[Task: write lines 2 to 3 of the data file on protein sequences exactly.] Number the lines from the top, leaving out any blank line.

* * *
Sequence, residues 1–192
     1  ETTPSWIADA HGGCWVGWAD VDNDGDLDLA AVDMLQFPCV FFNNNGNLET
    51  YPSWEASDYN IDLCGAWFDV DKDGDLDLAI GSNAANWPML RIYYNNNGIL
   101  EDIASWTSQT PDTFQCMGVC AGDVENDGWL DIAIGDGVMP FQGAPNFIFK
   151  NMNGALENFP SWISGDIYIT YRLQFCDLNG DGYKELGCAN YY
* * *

     1  ETTPSWIADA HGGCWVGWAD VDNDGDLDLA AVDMLQFPCV FFNNNGNLET
    51  YPSWEASDYN IDLCGAWFDV DKDGDLDLAI GSNAANWPML RIYYNNNGIL